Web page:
The U.S. military flew a B-52 bomber over South Korea on Sunday, in a Cold War-style show of force that was met with concern by human rights campaigners.
American forces made the gesture amid climbing tensions following North Korea's widely-disputed claim that it detonated a hydrogen bomb test on Wednesday.
U.S. Pacific Command announced the flight on Twitter:
— U.S. Pacific Command (@PacificCommand) January 10, 2016
Joe Cirincione, president of the global securities foundation Ploughshares Fund, called the U.S. show of force "counterproductive" and "childish" on Twitter. "This is exactly the kind of nuke macho action we should NOT be taking," Cirincione warned.
North Korea will almost certainly see the flyby as a provocation, but so far has not issued an official response.
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The U.S. move follows North Korean leader Kim Jong-un's "victory tour" in the wake of the alleged test. The flight also comes as tensions ratchet up from South Korea, which recently resumed propaganda broadcasts to North Korea.
Many are worried that the U.S. will significantly contribute to the escalation.
The American Friends Service Committee warns in a petition, "In response to this week's reported nuclear test by the North Korean government, the North Korea Sanctions Enforcement Act of 2015 may now advance quickly in Congress. It contains provisions that if enacted will severely restrict the very limited humanitarian operations still underway to assist the people of North Korea."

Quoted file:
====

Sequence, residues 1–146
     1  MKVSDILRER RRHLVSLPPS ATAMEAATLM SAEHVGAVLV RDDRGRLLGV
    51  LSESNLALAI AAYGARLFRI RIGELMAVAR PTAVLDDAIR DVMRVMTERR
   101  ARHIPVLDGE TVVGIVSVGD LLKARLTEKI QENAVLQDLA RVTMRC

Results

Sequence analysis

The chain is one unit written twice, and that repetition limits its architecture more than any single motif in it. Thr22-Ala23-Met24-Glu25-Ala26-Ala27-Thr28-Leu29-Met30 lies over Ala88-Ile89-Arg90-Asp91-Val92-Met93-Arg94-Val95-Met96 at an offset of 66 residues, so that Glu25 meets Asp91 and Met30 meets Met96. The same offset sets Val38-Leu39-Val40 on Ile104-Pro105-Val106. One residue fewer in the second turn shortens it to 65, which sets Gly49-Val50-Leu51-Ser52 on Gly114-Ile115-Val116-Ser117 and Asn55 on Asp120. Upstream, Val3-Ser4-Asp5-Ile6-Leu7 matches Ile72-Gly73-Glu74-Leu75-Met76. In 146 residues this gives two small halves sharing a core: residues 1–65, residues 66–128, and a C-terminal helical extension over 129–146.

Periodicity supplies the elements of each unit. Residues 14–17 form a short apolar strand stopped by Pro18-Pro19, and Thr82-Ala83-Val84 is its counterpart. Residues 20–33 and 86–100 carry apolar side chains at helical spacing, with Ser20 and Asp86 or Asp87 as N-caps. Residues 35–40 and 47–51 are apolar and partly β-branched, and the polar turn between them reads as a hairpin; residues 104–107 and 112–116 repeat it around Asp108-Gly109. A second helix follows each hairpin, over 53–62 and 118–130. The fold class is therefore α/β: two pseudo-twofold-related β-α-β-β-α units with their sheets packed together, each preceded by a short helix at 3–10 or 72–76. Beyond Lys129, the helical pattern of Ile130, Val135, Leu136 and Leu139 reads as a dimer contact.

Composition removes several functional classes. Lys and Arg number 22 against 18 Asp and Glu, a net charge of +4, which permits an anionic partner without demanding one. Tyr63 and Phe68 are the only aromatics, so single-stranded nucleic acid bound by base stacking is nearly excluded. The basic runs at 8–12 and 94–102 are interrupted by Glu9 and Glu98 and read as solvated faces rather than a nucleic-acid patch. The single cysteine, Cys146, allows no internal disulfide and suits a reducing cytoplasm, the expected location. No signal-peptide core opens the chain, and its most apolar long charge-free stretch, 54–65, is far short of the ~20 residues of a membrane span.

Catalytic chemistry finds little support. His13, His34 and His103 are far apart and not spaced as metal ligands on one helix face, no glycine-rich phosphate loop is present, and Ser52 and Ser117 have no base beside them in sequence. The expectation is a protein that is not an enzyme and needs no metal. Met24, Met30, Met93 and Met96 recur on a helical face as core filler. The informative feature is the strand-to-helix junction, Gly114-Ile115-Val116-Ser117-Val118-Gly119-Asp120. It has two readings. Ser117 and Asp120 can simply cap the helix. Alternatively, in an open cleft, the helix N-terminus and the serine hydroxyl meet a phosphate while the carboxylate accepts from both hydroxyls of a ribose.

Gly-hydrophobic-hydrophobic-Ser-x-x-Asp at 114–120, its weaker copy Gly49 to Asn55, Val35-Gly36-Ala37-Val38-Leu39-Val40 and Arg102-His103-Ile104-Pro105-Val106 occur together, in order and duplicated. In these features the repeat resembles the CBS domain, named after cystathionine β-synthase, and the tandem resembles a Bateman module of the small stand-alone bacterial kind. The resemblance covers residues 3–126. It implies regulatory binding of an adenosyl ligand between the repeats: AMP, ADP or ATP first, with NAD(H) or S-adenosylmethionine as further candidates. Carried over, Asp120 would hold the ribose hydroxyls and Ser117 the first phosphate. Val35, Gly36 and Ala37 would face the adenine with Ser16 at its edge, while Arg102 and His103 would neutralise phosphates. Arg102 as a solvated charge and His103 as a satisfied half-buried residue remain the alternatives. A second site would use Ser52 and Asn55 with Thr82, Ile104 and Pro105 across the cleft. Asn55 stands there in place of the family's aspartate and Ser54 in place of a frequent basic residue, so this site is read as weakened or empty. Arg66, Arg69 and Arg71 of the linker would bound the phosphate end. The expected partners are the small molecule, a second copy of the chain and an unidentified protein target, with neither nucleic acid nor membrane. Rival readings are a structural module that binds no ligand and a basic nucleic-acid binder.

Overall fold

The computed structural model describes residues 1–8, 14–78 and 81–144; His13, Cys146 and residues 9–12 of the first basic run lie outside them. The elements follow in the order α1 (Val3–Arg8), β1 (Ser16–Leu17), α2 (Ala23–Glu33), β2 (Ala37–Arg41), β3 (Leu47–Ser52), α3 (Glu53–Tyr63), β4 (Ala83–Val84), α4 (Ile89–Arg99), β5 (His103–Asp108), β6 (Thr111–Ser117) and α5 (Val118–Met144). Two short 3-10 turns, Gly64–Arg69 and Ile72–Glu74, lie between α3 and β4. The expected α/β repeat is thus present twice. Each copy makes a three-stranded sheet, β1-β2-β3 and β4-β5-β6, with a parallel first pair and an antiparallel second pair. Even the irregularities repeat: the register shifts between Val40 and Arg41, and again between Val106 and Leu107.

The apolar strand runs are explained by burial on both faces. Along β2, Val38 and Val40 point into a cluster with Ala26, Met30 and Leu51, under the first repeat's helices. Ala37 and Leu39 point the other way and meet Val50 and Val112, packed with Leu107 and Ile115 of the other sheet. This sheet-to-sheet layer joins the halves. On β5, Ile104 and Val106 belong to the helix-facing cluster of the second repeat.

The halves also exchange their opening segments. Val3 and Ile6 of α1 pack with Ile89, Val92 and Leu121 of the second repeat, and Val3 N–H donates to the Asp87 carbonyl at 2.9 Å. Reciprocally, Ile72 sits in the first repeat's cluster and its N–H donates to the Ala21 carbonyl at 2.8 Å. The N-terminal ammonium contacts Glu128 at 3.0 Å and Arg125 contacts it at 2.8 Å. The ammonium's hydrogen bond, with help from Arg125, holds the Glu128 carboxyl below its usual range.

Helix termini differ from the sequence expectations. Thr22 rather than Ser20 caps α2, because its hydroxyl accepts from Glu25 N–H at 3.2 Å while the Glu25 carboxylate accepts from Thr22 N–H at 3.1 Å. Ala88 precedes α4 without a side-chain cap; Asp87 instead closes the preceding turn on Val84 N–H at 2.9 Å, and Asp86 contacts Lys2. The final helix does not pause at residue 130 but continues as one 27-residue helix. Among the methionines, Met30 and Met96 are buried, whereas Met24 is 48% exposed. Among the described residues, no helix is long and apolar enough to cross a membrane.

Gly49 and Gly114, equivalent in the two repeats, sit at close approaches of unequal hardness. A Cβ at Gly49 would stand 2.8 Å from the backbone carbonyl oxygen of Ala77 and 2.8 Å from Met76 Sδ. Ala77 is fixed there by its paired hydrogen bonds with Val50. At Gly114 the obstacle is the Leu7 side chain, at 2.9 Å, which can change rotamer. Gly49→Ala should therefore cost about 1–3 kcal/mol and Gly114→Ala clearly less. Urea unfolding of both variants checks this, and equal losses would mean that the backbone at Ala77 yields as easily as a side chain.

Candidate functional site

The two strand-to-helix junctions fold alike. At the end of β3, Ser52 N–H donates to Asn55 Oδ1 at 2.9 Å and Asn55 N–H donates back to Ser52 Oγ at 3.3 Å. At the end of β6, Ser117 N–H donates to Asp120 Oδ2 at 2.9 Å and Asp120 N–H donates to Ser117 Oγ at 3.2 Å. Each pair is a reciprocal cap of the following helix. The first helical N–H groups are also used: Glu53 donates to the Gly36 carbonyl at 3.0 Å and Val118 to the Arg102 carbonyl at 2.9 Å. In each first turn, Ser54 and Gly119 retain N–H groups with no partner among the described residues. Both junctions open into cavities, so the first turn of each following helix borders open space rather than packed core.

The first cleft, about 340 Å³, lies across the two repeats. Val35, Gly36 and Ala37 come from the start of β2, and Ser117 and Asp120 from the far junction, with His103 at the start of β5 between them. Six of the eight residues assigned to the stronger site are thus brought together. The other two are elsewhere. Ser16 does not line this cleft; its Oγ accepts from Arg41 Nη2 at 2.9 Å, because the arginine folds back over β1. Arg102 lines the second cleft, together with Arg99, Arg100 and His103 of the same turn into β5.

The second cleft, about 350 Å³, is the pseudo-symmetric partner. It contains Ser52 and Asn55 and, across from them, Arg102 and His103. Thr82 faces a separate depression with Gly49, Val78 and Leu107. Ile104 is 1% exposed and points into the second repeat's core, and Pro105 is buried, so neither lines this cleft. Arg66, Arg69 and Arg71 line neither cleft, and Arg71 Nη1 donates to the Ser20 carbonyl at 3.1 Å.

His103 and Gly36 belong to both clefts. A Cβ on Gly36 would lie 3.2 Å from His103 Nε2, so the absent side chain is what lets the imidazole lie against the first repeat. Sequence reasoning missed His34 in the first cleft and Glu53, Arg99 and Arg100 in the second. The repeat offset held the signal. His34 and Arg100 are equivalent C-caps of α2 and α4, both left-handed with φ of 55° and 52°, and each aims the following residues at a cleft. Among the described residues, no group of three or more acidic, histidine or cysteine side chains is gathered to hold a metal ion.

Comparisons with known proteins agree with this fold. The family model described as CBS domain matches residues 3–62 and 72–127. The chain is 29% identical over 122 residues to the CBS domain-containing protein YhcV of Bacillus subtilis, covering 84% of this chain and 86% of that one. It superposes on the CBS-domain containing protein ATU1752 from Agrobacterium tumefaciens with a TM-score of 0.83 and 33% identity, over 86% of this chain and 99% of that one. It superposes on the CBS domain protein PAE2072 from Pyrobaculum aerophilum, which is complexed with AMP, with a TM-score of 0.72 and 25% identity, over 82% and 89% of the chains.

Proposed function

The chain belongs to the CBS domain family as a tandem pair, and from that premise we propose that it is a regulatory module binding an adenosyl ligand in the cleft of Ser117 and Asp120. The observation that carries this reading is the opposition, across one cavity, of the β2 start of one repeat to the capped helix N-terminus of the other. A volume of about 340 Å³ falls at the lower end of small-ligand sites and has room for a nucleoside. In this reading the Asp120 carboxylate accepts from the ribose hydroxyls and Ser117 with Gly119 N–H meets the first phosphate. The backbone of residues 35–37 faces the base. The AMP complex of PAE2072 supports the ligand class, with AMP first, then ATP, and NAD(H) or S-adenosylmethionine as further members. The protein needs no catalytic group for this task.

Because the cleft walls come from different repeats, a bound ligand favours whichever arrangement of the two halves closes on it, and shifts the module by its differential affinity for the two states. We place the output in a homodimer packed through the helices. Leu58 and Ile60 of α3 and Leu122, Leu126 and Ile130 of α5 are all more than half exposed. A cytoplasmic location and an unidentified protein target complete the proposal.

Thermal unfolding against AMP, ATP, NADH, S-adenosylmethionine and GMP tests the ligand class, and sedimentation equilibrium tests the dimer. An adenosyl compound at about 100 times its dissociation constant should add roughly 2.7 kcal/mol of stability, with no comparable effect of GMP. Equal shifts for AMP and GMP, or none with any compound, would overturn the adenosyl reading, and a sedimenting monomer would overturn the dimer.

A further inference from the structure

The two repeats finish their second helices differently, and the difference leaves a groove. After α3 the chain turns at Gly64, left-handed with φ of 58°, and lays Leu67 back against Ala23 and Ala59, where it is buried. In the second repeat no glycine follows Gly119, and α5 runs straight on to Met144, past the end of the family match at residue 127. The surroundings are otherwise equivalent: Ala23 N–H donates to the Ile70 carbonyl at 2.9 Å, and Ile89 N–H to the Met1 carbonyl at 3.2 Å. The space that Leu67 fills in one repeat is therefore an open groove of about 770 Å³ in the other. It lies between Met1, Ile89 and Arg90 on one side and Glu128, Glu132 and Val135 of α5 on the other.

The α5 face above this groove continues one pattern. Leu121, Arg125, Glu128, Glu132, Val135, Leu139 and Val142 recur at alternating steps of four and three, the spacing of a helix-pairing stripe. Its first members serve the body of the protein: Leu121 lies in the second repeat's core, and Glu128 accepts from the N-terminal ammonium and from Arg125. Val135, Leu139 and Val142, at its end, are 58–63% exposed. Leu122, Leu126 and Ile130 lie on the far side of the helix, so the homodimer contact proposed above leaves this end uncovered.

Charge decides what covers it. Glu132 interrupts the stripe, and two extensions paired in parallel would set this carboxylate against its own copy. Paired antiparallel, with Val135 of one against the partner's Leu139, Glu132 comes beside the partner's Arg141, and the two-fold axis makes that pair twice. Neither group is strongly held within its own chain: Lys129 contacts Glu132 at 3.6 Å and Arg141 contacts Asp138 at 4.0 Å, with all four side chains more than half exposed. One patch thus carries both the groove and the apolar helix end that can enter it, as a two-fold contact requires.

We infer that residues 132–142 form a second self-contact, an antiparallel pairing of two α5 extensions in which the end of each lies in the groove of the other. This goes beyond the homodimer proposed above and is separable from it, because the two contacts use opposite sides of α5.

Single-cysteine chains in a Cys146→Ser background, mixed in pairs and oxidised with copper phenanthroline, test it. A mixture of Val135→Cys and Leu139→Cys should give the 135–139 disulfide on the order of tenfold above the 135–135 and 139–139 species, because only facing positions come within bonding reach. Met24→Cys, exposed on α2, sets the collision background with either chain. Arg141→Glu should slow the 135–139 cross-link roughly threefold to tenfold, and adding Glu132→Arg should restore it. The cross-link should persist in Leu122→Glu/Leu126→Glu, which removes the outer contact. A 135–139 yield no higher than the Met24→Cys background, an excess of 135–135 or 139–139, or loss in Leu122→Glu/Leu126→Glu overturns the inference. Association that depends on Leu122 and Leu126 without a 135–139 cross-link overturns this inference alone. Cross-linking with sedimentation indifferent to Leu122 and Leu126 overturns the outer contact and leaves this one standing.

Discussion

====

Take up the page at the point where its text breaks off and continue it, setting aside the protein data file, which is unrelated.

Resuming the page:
The group calls on people in the United States to urge their congressional representatives "not to jeopardize humanitarian access to North Korea."
"It's time for a new approach," argued Christine Ahn, founding board member of the Korea Policy Institute and the National Campaign to End the Korean War, in an article published this week. "What President Obama hasn’t tried yet with North Korea is true engagement. We need our leaders to sit down, talk, and come up with a peace deal that leads to greater security for all of us."
"Many Americans don’t realize that the Korean War, often known as the Forgotten War in the United States, never actually ended," Ahn continued, adding: "The result is intense militarization, recurrent military clashes, and the threat of dangerous miscalculation, which could lead to the annihilation of the Korean peninsula. Moreover, three generations of Korean families remain tragically divided."